[SCA-Dance] Interpreting the last chorus of "Cuckolds All A Row"
white at drexel.edu
Mon Mar 19 10:21:45 EDT 2012
> At the moment, I'm more inclined to do the version I taught: pousset as how
> we do Argeers, going into the other couple's place. It may be stubbornness -
> - it may be useful to teach the way most other people do it (but then how
> can error ever be corrected?). On the other hand, the theme of the dance is
> largely "do it once oriented one way, then do it oriented the other way", like
> my reconstruction of Lull Me Beyond Thee, and Gwommy's version certainly
> does that more than mine.
> Danihel de Lincolino
It's certainly difficult to get rid of "that's the way I/we've always done it"
prejudices, especially when you can perfectly well read the instructions to
support that conclusion.
The little key in Playford's first edition states that "Co." = contrary. Select
definitions for contrary mean opposite, including specifically 'opposite in
direction or position'. Without reading anything else into it, it would seem
that this means that each person ends up "opposite" where he or she
started, for some value of "opposite". There isn't any fancy language to
indicate a separation, or a strange positioning - just "put ... back ... fall even ...
men cast off to the right". Sounds like what you (and I) teach to me!
There is another contemporary source to look at: Lovelace. On page 28 of
the dances (as indicated in the workbook on my website here:
the third chorus indicates that after taking the hands of the woman right
over against him, "the one [man] shall draw her upwards, and the other
downwards; and presently draw them again close together in their places
holding hands;" It continues with passing through rather than casting.
So one thing is clearer: that the men and their opposite/corner/contrary
woman keep holding hands throughout the pull and whatever comes next.
Of course, it couldn't be that simple, so just what does "draw them again
close together in their places" mean"? Is it the 'push onto the opposite
sides', or might it be 'turn around and pull them back into the square
without changing sides of the square, but switching into each others'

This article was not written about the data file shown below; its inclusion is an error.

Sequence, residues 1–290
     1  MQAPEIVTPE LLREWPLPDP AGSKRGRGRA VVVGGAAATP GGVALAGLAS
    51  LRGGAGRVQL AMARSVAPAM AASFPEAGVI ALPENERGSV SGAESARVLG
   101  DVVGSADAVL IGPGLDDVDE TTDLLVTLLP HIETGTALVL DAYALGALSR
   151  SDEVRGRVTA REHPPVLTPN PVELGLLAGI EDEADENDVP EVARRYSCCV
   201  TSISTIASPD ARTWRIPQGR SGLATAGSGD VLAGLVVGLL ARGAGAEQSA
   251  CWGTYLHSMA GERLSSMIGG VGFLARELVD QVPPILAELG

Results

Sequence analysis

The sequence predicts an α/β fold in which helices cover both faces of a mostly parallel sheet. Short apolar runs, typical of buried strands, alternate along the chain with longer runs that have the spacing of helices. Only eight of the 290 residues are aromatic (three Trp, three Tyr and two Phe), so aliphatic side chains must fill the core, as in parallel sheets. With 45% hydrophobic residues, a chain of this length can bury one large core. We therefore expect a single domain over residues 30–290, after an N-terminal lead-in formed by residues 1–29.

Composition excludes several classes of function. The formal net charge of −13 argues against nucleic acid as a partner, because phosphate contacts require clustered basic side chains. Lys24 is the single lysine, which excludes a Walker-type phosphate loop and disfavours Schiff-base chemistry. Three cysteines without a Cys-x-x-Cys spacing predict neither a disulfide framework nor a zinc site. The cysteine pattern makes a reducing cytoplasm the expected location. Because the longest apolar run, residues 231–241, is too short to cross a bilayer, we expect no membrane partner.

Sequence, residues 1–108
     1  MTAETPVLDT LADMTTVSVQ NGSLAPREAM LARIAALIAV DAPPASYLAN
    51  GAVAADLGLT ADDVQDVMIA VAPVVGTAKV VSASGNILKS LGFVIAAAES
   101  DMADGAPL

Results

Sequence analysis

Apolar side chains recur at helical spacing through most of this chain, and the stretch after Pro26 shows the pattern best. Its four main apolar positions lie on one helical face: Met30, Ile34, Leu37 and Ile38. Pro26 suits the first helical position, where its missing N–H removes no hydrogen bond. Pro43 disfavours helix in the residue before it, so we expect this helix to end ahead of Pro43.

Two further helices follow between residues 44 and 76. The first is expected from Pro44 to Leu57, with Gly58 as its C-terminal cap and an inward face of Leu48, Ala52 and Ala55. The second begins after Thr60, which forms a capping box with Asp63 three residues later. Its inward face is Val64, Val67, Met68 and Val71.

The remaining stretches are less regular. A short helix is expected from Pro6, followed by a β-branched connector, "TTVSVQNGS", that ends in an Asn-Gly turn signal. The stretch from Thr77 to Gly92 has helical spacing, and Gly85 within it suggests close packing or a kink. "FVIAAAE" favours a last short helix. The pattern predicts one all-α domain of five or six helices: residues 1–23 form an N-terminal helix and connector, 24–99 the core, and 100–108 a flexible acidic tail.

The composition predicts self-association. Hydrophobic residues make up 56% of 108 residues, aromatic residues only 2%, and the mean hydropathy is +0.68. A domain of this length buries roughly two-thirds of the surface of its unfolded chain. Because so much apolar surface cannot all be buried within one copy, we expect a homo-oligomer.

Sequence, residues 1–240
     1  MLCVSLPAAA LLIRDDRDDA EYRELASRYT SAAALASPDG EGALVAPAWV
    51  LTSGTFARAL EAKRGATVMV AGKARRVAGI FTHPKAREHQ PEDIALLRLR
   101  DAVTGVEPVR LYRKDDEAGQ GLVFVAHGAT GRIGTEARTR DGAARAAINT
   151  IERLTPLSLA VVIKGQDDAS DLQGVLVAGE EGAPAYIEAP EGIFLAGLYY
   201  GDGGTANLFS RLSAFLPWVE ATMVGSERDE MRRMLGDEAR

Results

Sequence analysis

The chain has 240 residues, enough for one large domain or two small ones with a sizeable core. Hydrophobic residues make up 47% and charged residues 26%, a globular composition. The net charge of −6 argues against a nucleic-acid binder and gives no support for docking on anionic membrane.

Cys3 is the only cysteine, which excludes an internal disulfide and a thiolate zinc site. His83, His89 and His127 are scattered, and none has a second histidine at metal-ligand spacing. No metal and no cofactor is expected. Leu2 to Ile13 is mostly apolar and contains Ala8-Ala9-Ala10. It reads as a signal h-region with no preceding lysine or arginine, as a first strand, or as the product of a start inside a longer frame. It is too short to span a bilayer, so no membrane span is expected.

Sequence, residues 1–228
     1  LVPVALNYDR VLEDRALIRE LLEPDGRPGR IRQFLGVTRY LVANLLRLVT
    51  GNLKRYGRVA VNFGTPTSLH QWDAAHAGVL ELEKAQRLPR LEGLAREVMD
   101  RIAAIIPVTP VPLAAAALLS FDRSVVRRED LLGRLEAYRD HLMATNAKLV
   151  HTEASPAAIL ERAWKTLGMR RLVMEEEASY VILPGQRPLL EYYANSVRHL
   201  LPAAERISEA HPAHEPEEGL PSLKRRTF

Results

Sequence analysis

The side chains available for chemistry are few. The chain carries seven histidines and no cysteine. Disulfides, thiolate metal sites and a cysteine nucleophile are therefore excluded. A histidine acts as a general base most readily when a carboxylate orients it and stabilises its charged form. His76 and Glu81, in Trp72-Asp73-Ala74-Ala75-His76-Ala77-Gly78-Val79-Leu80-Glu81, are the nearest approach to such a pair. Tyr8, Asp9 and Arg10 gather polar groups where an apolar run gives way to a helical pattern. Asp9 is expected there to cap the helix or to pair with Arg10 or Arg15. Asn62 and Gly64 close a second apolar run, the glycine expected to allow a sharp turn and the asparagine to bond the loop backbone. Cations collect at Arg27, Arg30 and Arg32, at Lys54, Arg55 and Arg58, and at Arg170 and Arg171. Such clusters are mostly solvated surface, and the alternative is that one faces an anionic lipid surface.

I've reconstructed the dance using the Playford framework (mostly because
of the "cuckolds all in a row" image), but in doing so, the second half of the
chorus becomes confusing. The instructions are, "then the past part of the
tune being played again, they shall draw them contrary to that as they did
before", with further explanation as to just what that means: "like as he
that draws his woman upward before, shall now draw her downward, and
the other upward". Unfortunately, I could never figure out how that might
work since the men's position with regard to the top and bottom of the
square (or top and bottom of the hall) don't change in the Playford
version. BUT, if the moving duo switch places as the man pulls/draws the
woman away from the square and then back into it, then the men do switch
sides of the hall!
Hmm ... so, does this relate to the problem at hand? Well, if my little diagram
I just drew on some scratch paper is correct, we end up with each couple
on the contrary side from where they started, and the "cast right/cast left"
from Playford would still work because the couples are improper on the
opposite side of the square. However, while the Lovelace gives us clues as
to what needs to happen (the man is drawing/pulling the woman in both
parts of the movement, and they're being pulled back into their places,
which could be extended to the m-w file, rather than their original places -
okay, that's a stretch but still), there aren't nearly as many clues in Playford
(all we really have is the 'fall even on the Co. side', which to a clued-in
dancer of the day might mean that man 1 and woman 1 end up 'even'
on the opposite side of the dance from where they started ...) - in fact,
you'd have to be fairly willing to read things into the dance instructions
to make the move, which does work in all respects, fit with what has been
Still, it's given me a solution to the dilemma of the Lovelace Cuckolds, so thanks
for the excuse to take a 12th look at it!
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